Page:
As a romance author I hear this all the time: “Oh, I don’t read romance. It’s all the same.” Or “I would never write romance, it’s just formula.” Or “Writing romance must be so easy, you just follow the formula.”
Well, friends, let me tell you, mysteries follow a formula. Sci fi, fantasy, and thrillers do as well. Nearly all books follow a “formula”. It’s called a story structure and if we didn’t follow it our readers would either be confused or dissatisfied. Unless you are writing “literary fiction” all readers expect the same thing to happen at certain points in the story.
Ready for it? Here’s the formula:
· Inciting Event
· First Major Turning Point
· Dark Moment
That’s it! That is the formula for writing a book. Easy right? Just fill those in and — boom! — you’ve got a story!
Now wait a minute, I hear you say, those are just the major beats that can be found in nearly all pieces of fiction. That’s Freytag’s Pyramid. You probably studied it in your English class in high school.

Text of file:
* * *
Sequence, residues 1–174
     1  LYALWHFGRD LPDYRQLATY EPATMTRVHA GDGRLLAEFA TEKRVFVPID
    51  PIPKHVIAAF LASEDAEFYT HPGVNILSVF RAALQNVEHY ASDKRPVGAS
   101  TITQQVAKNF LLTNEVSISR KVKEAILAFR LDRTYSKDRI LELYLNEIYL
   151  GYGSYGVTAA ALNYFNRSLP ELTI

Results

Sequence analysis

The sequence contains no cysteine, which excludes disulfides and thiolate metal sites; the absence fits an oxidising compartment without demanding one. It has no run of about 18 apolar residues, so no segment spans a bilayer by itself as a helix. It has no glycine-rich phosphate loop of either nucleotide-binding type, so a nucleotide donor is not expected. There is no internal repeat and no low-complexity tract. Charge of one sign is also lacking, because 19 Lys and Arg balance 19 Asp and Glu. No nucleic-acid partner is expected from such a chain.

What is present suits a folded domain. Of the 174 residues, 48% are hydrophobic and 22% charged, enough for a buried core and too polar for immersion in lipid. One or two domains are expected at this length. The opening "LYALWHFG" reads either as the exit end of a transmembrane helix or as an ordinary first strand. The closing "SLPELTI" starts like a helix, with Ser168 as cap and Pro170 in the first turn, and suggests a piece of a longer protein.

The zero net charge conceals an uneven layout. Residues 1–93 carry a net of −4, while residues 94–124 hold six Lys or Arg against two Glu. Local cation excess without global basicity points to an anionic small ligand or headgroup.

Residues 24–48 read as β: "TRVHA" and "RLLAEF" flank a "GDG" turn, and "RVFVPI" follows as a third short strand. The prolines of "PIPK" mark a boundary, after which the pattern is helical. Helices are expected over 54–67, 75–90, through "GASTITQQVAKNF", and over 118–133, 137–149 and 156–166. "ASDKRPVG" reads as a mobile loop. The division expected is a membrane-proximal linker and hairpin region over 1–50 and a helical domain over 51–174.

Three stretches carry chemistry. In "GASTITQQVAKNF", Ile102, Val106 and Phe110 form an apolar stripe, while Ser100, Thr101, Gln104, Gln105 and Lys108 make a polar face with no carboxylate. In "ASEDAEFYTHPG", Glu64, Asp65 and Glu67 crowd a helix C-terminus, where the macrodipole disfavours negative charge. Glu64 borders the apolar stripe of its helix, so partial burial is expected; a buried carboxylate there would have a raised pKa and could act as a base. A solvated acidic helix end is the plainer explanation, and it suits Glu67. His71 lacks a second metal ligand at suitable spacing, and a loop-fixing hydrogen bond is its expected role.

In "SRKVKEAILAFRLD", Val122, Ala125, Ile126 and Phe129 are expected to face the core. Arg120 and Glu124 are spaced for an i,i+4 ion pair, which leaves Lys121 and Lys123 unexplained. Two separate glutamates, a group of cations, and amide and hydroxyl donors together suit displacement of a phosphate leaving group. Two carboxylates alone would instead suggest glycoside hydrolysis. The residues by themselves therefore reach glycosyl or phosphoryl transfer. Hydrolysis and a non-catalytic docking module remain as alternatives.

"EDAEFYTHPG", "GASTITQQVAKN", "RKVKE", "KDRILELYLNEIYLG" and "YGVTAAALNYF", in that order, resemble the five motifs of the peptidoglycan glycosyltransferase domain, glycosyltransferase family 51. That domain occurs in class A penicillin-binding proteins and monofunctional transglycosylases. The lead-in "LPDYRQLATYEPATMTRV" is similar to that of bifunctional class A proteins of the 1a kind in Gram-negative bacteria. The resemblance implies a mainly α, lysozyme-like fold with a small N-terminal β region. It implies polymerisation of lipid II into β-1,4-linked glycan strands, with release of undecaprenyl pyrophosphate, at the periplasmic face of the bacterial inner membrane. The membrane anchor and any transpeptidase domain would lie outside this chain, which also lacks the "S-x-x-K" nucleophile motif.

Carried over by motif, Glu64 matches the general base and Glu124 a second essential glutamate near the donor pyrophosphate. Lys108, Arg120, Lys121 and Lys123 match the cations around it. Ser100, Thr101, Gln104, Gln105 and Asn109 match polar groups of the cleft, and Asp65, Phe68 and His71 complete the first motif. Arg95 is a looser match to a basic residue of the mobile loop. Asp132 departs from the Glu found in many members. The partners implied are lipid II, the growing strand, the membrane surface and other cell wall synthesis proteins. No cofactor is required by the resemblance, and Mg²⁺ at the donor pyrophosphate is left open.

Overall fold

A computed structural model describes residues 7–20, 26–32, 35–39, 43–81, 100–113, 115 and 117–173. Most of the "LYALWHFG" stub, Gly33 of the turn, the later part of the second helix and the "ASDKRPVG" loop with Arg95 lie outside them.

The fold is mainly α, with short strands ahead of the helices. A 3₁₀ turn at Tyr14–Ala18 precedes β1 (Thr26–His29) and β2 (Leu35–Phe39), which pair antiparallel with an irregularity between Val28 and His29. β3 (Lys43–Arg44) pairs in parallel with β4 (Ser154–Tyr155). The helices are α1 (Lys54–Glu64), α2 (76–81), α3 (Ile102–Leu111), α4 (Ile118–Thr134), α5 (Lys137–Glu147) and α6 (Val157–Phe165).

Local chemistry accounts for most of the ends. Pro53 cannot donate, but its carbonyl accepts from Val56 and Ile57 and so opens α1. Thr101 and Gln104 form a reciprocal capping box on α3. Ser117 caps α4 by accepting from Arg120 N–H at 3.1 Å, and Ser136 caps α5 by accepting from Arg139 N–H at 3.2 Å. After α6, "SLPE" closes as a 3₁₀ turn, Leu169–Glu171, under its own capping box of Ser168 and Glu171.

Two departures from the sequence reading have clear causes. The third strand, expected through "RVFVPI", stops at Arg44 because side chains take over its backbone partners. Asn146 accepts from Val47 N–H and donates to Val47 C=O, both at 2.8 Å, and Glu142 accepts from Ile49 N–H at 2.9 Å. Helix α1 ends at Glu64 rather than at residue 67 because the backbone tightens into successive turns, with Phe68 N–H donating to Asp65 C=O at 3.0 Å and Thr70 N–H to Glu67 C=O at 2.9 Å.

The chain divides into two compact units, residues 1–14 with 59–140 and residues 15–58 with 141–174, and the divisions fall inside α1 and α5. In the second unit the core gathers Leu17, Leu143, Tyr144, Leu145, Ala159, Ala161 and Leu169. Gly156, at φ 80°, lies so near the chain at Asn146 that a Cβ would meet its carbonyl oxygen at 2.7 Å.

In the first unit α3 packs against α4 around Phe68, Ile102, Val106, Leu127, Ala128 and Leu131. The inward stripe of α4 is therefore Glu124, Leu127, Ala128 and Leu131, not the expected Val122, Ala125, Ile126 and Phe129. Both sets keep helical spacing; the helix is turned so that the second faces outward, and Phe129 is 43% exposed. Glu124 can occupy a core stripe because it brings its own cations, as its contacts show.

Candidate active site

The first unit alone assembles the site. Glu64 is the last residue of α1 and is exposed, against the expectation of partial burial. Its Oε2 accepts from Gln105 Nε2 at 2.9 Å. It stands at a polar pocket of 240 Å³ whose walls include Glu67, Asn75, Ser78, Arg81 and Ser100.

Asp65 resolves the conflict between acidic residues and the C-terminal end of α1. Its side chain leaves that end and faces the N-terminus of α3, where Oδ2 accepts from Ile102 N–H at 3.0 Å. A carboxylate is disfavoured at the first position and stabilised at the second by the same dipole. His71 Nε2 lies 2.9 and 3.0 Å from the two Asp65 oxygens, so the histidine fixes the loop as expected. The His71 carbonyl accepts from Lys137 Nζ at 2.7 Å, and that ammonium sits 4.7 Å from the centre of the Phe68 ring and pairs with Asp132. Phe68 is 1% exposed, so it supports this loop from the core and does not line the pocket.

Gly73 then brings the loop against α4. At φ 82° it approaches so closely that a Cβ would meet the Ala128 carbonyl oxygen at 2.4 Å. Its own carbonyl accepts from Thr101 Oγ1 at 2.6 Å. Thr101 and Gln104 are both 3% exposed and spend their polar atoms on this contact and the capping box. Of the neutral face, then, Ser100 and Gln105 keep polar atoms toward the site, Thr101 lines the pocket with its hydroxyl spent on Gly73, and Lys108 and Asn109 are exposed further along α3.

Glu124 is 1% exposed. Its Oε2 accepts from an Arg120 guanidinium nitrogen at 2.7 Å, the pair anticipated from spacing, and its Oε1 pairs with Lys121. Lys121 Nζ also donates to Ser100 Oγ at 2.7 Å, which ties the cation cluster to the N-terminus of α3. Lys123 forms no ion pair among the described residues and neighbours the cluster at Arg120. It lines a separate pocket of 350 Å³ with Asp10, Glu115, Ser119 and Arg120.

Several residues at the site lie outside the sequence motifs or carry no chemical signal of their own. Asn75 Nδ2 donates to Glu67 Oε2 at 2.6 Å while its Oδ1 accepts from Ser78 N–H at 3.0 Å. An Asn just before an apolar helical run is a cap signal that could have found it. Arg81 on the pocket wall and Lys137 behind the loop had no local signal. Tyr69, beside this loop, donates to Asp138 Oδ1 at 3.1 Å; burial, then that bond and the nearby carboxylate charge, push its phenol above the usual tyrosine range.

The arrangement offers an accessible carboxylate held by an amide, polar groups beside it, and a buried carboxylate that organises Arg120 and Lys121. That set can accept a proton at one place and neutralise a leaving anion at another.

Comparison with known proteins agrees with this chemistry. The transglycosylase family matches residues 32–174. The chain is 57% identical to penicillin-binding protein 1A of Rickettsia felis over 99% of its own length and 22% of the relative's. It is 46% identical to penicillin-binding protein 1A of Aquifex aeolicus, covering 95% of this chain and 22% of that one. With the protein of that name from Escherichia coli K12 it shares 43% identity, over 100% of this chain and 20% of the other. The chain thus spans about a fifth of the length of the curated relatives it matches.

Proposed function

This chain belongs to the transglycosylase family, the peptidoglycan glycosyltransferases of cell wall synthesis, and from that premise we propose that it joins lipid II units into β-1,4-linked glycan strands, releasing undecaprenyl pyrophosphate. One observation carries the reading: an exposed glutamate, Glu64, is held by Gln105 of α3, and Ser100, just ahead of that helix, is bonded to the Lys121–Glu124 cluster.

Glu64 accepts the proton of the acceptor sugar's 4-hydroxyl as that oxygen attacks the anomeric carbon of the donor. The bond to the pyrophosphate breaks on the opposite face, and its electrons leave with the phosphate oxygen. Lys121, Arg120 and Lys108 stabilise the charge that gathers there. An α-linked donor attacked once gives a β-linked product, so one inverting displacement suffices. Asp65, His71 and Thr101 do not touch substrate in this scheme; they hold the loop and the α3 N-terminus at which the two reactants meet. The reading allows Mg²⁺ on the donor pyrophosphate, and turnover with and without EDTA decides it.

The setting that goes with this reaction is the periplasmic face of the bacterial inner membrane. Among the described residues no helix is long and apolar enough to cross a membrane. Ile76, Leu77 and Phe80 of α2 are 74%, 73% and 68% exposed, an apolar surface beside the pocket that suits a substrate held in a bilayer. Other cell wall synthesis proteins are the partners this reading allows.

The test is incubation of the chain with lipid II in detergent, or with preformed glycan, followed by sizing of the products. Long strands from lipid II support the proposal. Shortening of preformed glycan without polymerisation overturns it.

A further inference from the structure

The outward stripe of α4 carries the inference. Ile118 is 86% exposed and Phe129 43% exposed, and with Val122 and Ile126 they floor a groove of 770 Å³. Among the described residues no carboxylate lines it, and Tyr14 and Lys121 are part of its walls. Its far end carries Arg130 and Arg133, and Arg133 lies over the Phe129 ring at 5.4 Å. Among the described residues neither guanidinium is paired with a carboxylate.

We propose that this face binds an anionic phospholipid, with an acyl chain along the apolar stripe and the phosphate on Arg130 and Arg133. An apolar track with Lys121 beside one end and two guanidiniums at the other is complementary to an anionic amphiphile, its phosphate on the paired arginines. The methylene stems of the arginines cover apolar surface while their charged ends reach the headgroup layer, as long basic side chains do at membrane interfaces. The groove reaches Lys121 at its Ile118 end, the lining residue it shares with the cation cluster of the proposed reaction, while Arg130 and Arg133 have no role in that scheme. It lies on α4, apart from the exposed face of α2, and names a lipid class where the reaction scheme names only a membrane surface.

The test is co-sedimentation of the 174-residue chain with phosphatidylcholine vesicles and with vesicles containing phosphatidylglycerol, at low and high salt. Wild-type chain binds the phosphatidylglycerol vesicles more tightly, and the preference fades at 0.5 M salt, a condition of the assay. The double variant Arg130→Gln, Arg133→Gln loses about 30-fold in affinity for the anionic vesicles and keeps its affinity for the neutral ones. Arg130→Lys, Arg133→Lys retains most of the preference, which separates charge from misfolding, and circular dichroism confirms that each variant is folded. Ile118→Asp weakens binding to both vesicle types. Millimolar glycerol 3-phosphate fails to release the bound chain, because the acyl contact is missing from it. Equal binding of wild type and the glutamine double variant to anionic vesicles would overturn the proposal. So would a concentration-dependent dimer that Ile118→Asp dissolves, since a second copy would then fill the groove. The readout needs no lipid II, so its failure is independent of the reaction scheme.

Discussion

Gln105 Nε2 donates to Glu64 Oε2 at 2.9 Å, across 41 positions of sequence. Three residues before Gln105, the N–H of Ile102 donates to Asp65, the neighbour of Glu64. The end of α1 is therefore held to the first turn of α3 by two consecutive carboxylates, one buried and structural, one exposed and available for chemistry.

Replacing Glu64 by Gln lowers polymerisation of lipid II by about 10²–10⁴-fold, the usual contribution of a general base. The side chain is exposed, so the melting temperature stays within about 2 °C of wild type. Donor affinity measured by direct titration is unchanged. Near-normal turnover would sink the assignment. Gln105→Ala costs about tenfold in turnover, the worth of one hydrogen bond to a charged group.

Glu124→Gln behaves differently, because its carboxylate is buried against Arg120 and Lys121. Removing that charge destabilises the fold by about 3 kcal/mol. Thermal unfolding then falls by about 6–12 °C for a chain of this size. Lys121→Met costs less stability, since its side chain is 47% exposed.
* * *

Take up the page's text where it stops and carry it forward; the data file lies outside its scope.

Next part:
Well, I’m sorry to say, that is the formula used by romance authors. There is no other. It is the basis of all stories.
So, do romance authors write to formula? Sure we do! Just like every other author of popular fiction.
Well, hang on a minute, what about tropes? All romance characters are the same. There are only so many tropes those characters fall into. It’s true. There are some standard tropes used by most romance authors. There are also tropes used by authors of every other genre.
Is this a bad thing?
No, it is not!
Using a trope is a great place to start creating a character. There is a definition to each trope that can be used to start thinking about the character you want to create. But, please, do not feel bound to the trope. It’s only a place to start. In all likelihood, once you create a backstory and the character’s internal and external goal, motivation, and conflict, you are going to end up with a very different, very unique character.